Julie-Ann Chapman is a Badass
Whether on a snowboard, a snowmobile or a horse, Julie-Ann Chapman shreds. She’s the founder of She Shreds Mountain Adventures, which provides a safe and inclusive environment for self-identified women, and men, who want to get out into the backcountry and onto a snowmobile. We caught up with Julie-Ann to learn more about her mission, how she stays energized, and what makes her a badass!
Who are you, and what do you do?
I am Julie-Ann Chapman, and I motivate women through snowmobiling. I started She Shreds Mountain Adventures over ten years ago for women only, and since then, I’ve expanded because I’ve gotten requests from men. Now I do snowmobile clinics, avalanche courses, and occupational training for Search and Rescue and the RCMP. I’m also a professional athlete for many big companies like Polaris, Climb, Fox and many rad companies that support what I do. I’m also a Mama.
How did you get into the sledding space?
I used to be a snowboarder, and the sponsors that I had at the time told me that I needed to get into the backcountry for filming video parts, so I needed to get a sled to do that. It was a tough learning curve for me because it is a very physically demanding and mentally straining kind of sport. I basically put snowboarding on hold for a year to learn how to get around and by the time I figured out how to snowmobile, I had discovered a new passion.
The people I learned with were supportive, but they weren’t super supportive. They would bring me out and make sure that I was okay, but when I got stuck, they’d be like, hey, it’s time for you to get yourself unstuck. I’d be there shovelling for an hour all by myself. I saw a niche and need for somebody to teach people how to snowmobile so they could have it a little easier than I did, and that’s why I started She Shreds.
So what do you love most about running She Shreds?
I love seeing the determination. It’s a tough sport to learn right off the bat, and some get frustrated or upset. They try and try, and finally, they get the moves, which makes me stoked. That’s what makes me so happy. I get letters after clinics saying they never thought they’d be able to do it and are grateful for the motivation or the tips and just the reassurance. I love knowing that what I’m doing is helping other people.
What are some of the biggest hurdles you’ve had to face so far with starting She Shreds and running your business?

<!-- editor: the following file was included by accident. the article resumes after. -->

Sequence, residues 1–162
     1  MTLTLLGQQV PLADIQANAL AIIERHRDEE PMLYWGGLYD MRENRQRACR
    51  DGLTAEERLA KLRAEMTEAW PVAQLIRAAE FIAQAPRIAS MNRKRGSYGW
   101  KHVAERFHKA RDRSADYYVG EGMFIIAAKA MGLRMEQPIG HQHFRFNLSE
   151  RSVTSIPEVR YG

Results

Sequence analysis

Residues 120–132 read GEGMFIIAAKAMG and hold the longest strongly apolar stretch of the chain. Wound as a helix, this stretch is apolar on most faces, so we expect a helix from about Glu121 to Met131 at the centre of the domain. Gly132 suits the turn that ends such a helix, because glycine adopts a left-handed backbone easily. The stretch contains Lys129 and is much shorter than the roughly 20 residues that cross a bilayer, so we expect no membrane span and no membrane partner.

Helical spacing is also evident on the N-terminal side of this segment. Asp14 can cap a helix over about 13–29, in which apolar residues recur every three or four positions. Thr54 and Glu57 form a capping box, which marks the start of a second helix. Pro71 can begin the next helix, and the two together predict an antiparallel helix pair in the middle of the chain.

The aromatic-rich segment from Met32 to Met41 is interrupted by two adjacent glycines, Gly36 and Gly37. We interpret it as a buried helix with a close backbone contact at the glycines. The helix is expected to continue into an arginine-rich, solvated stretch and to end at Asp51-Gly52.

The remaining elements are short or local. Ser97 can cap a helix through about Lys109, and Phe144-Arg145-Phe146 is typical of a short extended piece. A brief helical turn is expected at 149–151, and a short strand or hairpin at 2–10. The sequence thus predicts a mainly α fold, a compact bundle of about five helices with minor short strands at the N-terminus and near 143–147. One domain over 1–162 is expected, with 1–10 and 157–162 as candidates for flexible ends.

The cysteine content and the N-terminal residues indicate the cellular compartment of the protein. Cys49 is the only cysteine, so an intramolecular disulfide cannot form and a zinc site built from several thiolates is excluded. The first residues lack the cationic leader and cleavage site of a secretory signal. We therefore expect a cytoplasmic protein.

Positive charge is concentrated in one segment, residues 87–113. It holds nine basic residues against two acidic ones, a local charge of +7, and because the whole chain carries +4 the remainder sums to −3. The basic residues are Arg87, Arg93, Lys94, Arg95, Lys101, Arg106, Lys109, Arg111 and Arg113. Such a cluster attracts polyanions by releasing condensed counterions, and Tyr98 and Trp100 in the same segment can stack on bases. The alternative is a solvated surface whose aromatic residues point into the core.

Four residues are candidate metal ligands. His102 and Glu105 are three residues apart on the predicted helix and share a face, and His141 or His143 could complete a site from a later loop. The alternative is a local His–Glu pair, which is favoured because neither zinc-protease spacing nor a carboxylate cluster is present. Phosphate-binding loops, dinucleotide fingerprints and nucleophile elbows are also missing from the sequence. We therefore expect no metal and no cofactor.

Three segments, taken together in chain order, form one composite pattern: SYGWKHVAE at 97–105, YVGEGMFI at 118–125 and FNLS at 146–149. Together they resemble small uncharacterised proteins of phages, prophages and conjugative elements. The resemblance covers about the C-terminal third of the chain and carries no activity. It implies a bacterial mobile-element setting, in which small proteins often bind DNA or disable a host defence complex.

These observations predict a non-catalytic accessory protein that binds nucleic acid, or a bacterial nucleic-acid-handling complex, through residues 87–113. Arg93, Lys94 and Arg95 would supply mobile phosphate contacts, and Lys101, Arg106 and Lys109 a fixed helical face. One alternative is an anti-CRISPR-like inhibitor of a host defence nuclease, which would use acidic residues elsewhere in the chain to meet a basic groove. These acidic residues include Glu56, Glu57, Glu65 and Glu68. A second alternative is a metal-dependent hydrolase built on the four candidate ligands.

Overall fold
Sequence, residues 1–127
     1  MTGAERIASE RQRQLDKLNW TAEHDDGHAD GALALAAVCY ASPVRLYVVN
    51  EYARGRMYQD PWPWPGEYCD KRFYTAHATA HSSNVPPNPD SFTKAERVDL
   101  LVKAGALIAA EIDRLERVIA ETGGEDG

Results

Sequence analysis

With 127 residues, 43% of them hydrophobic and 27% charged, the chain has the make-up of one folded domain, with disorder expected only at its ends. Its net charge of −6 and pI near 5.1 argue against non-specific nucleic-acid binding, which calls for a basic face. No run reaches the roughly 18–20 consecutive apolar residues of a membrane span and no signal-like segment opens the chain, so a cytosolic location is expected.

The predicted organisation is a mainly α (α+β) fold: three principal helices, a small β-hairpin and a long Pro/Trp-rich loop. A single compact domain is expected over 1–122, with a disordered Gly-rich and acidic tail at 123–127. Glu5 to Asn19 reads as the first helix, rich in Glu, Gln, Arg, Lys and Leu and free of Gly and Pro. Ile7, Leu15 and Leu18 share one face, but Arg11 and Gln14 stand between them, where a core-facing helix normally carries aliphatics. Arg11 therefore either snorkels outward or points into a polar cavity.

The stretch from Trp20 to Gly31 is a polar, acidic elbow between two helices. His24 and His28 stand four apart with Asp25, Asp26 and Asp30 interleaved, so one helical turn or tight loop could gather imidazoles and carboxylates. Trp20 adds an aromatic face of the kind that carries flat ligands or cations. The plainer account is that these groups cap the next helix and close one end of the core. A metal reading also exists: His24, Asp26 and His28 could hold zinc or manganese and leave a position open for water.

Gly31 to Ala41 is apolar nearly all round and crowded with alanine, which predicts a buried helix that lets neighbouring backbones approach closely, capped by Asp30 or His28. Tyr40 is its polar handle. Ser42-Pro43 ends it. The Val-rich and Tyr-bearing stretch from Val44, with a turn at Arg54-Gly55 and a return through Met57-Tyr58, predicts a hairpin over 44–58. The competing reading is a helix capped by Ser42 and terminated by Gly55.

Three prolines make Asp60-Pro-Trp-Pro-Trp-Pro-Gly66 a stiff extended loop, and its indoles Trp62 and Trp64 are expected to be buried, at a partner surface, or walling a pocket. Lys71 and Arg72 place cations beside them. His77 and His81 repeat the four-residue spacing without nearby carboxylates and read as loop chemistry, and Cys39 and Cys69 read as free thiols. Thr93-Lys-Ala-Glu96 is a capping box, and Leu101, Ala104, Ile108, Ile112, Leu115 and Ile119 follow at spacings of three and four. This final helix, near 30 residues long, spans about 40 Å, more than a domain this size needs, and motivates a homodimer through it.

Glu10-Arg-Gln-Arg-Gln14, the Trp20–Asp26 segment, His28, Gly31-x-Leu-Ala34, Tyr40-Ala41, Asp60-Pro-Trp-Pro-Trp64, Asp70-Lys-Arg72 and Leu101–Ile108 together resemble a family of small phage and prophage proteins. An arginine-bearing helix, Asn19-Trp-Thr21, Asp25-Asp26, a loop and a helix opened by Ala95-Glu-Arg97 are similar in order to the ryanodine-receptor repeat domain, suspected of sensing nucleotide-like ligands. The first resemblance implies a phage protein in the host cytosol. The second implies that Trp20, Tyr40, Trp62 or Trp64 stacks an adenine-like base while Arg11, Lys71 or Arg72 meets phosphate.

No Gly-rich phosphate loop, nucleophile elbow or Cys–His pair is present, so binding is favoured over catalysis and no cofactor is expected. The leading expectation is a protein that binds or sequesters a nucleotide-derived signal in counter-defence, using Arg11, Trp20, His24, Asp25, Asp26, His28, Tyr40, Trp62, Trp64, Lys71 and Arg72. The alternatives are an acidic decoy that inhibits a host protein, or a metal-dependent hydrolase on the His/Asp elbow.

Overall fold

The permitting process for being able to operate on Crown Land. I still operate on temporary permits and have been for almost ten years. Temporary permits are not secure and can be taken away from me at any time. I’ve pursued what’s called a license of occupation application, which is considered a ten-year application. That’s probably the most stressful hurdle I’ve ever taken on with this company because you’re starting to incorporate the government, First Nations, recreationists, and the general public. I’m in the middle of it in two different locations on the BC coast and in the West Kootenays. It’s stressful, but I’m doing it. It’s just making me stronger and tougher.
So what do you do to nourish yourself both in life and nutritionally?
I am very cautious about how much crap I put into myself. It’s always easy to grab a quick something bad on the road, but I try to resort to the good snacks, hence why I eat Chiwis. I also try to meal plan and stay physically fit, especially before the winter season. Dealing with 500-pound machines and deep snow is definitely physically demanding. There are days that I wake up, and I’m just so tired, but I have to tell myself that this is for the best. I have to eat healthy today and get out and do something, whether it’s just a 20 minutes workout in the gym or a 20-minute bike ride outside. It’s so important to stay physically active and eat well if you want to function in a high-paced environment and a high-risk job.
What do you look for in a snack?
I like super convenient snacks that are easy to just put in my mouth. I opt for snacks that are very low in refined sugar or only have natural sugars. I also look for snacks that are filling. Eating something that’s not filling is not really, in my eyes, worth eating. I also like to support local whenever I can!
What is something that people don’t know about you?
Many people don’t know that I volunteer my time back to the community with local snowmobile clubs and Search and Rescue. I also have three horses, two of which I’ve trained since they were babies. Horses are definitely my life in the summertime, that’s for sure.
How can our community support you?
Any honourable mention on social media is wonderful. My tenure applications are open to public commenting on the government website, so any positive comments are very helpful.